It’s been more than 40 years since Rajarama Shenoy began his doctoral studies GT-AE, but the Sikorsky engineering manager is still a familiar face – and welcome influence – at his alma mater.
A member of the Aerospace Engineering School Advisory Council (AESAC), Dr. Shenoy has thought long and hard about the tremendous impact today’s GT-AE grads can have on the future of aerospace engineering. He has also culled five timeless lessons that will help graduates achieve that success.
Recently, he shared them with us:
Lesson #1: Today’s Aerospace engineers must hold ethics and professional integrity as their top priority since so many lives-- both those of the flying public and of our men and women in uniform-- depend on them. The future of the aerospace industry rides on the decisions made by today’s aerospace engineers.
Rajarama Shenoy has gathered decades of valuable experience in aerospace engineering since earning his Ph.D. at GT-AE in the late 70s. He is seen here during his graduate school days.
“So much is riding on what you do, as an aerospace engineer, that it goes beyond the legal considerations,” he said.
“It’s a matter of conscience, of professional integrity, of ethics that you find someone who will listen to your concerns, and, if needed, sound an alarm if you detect a design flaw or a dubious consequence in a project.”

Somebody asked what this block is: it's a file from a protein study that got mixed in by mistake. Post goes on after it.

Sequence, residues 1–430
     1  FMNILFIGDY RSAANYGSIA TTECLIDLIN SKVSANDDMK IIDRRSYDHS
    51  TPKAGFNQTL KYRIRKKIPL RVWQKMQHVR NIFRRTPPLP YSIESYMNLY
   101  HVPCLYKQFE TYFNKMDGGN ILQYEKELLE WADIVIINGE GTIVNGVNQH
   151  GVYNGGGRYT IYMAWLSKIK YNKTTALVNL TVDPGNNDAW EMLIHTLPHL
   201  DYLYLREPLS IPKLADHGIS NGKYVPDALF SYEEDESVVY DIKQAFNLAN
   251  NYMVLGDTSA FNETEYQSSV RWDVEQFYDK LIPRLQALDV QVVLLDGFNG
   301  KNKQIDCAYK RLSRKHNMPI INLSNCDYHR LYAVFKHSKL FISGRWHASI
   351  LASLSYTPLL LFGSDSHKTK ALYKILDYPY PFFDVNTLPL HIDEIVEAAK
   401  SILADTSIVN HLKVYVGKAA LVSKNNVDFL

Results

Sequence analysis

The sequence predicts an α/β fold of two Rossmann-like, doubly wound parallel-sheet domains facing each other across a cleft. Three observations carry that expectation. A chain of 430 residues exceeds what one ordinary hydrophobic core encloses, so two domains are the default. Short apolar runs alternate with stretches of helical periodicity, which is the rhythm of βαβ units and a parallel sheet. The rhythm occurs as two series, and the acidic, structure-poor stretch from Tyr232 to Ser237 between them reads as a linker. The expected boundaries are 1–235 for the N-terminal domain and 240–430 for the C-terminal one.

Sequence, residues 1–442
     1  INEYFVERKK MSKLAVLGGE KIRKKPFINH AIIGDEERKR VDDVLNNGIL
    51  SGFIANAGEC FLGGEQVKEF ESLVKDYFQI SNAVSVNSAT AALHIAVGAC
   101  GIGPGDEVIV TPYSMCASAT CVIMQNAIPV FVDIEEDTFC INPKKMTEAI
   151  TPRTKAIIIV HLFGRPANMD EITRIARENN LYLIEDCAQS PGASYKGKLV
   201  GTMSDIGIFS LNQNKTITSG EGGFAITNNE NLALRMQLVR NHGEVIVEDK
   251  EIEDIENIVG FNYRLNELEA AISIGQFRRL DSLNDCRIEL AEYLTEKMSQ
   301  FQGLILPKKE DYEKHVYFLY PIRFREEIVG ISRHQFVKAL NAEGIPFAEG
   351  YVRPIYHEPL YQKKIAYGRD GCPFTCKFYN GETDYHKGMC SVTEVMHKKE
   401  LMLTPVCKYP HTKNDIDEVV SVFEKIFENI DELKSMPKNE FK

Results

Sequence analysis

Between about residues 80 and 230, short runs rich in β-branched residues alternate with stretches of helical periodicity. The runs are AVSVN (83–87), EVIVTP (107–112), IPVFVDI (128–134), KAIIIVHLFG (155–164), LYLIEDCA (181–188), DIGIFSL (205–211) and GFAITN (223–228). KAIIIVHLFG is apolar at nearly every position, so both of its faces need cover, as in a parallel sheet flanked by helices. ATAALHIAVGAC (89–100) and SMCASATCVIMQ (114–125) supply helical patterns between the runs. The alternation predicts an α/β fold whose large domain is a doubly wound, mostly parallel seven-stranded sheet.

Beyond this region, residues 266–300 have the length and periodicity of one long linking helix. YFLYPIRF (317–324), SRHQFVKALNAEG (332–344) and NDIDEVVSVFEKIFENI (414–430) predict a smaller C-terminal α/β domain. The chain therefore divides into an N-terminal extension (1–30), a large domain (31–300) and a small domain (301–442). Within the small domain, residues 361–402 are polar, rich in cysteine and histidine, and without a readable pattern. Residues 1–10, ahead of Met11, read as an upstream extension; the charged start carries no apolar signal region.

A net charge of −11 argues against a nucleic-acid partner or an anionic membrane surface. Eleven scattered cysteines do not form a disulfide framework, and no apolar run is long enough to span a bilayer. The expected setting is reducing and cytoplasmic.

Shenoy said most companies require new employees to take ethics courses that emphasize this point – he has taken several at Sikorsky -- but that, at the end of the day, it’s a matter of execution. A competent engineer must be willing to take action.
In some circumstances, this could pit the engineer’s best judgment against the business-focused agenda of a project manager - or a boss who doesn’t see things quite the same way. In those circumstances, Shenoy stressed, a competent engineer will seek out an ombudsman within the company.
“It’s important that you not assume that giving only the ‘good news’ all the time would please the higher-ups, but make sure that you do not provide false information and do maintain professional integrity,” he said.
Lesson #2: Take freshman year at Georgia Tech seriously.
“Of course you want to have fun, but you don’t want to fall behind your freshman year. You may never catch up,” he said. “Many of the courses you take as a sophomore, junior, and senior will take for granted that you have certain concepts down. If you don’t, it will be easy to fall behind.”
A corollary of this point: if you fall behind, find a way to catch up. Fast. You wouldn’t be the first aerospace engineering student to take a summer course or get tutoring. The investment will pay off handsomely.
Lesson #3: Take advantage of Internship and co-op opportunities.
“Companies --- including my own – want to see more than your grades. They want to see what you are doing with your free time. They want to see your work ethics, your decision-making skills and the interest you take in the field you are seeking employment in. If you are working as an engineering intern during the summers or over breaks, they will see that you are serious, and that matters almost as much as your grades. In most instances you are likely to get job offers before you graduate."